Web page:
The lack of cover frustrates me too, But it's not surprising as these things often come out in drips. Kim is consolidating his position,and dictators often choose spectacular acts like this to scare any opposition. He's just executed a very senior general, who was loyal to his father.

jean-louis Bolomey said...

Today we have heard that other members of the Unhasu have been executed. Members of an orchestra which has not played since 2013. But...let's not go over the top. Hyon Song-woi, the singer executed in 2013 appeared in May 2014 in military gear and gave a 90-minute conference ! Of the 9 top officers executed in 2012...most have been seen alive. As for a public execution of one of the best known conductors in North Korea...that is not the way things are done there. Even Kim Jong Un is not that stupid. One of the best North Korean sopranos, Seo Un-Hyang was also executed in 2013...publically. She managed to sing on December 18th 2014. There are purges in North Korea as in all dictatorships. But most purges in NK add up to being exiled far away from Pyongyang. Most of these scoops come from the Chosun Ilbo newspaper which gets a lot of its info from the South Korean secret services. The latter often feed disinformation at delicate moments. These last few months have seen a rapprochment of NK with China and Russia. This worries South Korea. So as in every such moment the papers are fed with terrifying scoops. I am most certainly not a fan of the NK régime (after all, I'm Swiss....) but we should be wary of sensational news deriving from SK :-)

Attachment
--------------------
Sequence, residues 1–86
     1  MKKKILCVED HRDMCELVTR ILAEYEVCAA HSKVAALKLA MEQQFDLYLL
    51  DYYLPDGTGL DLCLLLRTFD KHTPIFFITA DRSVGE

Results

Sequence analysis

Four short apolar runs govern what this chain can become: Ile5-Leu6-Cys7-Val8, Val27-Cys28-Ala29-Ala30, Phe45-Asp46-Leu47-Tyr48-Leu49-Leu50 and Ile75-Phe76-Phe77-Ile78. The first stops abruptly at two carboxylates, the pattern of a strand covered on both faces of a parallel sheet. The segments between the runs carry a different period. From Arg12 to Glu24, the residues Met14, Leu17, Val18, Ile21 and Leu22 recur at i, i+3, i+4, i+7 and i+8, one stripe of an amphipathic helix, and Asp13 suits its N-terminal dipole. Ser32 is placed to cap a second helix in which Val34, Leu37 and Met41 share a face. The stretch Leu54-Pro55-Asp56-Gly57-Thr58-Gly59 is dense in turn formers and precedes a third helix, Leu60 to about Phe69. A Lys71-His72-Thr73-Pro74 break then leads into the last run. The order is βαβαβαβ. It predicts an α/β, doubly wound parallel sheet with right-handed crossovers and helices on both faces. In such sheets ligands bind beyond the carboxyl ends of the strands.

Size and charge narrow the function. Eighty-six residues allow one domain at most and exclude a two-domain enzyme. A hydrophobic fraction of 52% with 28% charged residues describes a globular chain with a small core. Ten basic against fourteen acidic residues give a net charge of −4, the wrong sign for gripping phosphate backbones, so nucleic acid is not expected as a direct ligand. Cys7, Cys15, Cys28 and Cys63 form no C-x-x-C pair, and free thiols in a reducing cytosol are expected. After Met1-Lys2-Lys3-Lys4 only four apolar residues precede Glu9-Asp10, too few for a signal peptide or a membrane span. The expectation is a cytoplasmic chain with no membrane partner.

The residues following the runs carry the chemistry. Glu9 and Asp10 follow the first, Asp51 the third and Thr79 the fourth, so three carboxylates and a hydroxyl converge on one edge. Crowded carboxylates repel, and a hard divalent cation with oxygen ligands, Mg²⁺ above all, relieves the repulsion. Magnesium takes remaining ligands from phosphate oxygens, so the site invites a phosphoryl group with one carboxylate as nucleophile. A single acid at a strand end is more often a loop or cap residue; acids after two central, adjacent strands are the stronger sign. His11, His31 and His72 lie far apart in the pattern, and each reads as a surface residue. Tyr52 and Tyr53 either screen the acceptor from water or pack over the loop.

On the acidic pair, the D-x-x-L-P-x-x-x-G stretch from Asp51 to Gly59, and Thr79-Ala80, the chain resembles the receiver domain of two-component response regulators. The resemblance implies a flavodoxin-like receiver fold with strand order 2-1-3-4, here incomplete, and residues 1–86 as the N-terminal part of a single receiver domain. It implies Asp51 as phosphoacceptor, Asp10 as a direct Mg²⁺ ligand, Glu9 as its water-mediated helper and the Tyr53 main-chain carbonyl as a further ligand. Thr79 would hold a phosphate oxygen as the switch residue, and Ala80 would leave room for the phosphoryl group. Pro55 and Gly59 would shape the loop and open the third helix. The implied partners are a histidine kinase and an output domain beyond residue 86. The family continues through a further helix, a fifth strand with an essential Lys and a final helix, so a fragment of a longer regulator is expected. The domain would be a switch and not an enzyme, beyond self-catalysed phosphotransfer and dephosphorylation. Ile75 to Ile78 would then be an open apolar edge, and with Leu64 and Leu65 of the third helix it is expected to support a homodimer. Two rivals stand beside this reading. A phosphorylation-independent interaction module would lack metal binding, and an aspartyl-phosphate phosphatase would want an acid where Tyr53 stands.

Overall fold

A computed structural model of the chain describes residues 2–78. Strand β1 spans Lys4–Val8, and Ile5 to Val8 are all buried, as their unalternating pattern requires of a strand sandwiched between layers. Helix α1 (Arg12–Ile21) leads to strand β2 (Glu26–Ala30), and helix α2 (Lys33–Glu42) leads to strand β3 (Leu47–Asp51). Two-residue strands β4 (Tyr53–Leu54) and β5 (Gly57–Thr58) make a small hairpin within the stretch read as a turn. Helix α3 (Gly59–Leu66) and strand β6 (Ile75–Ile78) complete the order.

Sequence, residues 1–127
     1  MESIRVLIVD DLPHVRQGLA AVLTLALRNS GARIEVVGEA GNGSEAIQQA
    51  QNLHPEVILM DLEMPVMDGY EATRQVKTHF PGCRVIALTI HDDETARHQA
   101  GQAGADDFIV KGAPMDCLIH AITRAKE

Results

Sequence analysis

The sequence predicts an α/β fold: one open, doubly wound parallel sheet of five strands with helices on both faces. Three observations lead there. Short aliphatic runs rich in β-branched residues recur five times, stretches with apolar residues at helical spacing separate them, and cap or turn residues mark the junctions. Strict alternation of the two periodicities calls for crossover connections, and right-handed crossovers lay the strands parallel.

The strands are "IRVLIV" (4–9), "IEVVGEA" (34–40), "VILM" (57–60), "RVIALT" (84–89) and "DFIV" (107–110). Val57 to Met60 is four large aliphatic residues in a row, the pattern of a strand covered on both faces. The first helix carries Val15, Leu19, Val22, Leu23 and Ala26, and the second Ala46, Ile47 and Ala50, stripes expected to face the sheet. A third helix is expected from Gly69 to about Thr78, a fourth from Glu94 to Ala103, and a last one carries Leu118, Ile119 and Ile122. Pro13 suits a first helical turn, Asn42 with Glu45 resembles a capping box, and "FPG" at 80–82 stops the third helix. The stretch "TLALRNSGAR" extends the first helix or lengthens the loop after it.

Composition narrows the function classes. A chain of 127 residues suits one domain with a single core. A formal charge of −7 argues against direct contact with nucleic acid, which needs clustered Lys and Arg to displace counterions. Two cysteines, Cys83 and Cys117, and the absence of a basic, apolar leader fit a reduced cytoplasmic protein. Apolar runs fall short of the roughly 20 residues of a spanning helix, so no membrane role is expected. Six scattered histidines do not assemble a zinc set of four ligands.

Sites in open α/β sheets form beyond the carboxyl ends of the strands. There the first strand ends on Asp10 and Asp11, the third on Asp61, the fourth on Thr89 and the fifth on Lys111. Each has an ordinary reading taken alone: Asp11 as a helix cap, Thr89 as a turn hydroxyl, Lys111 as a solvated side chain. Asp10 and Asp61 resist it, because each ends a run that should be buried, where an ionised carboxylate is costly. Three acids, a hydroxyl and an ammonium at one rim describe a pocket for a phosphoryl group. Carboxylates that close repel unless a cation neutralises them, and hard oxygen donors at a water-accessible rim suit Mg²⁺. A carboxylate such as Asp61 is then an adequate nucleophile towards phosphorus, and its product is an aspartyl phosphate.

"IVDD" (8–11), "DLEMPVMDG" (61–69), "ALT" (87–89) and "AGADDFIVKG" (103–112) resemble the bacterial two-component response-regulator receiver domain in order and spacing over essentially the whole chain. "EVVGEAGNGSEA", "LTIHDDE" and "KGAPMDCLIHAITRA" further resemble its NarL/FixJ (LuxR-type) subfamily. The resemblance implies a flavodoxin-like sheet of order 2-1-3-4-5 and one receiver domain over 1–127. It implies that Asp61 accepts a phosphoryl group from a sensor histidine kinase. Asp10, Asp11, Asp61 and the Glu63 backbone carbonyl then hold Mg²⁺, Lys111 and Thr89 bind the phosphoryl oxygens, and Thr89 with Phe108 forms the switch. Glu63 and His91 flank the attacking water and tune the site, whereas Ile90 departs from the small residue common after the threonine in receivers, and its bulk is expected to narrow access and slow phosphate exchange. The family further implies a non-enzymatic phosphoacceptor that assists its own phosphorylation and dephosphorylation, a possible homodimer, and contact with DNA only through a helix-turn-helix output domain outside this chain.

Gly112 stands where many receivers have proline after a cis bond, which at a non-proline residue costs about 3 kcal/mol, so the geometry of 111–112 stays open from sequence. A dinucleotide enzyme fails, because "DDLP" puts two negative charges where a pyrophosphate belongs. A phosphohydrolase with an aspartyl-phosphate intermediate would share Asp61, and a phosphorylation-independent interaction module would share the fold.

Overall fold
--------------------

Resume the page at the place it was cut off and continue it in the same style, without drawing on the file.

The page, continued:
Doundou Tchil said...

I wrote this article several years ago, before th3e story fully broke in the west. The Orchestra was the "state" orchestra used all the3 time on state occasions, incl Party events, it['s notreally a concert orchestra like in the west. The year after the story, it was dropped from formal celebrations. There have been reports that some of the3 singers have re surfaced, but nothing for sure. Obviously we have to be wary of South Korean propaganda, but that does not mean apologizing for the regime. There were many who refused to believe Hitler or Stalin were doing bad things. Whether or not the full story is clear, it's pretty evident there are purges and problems in Pyongyang.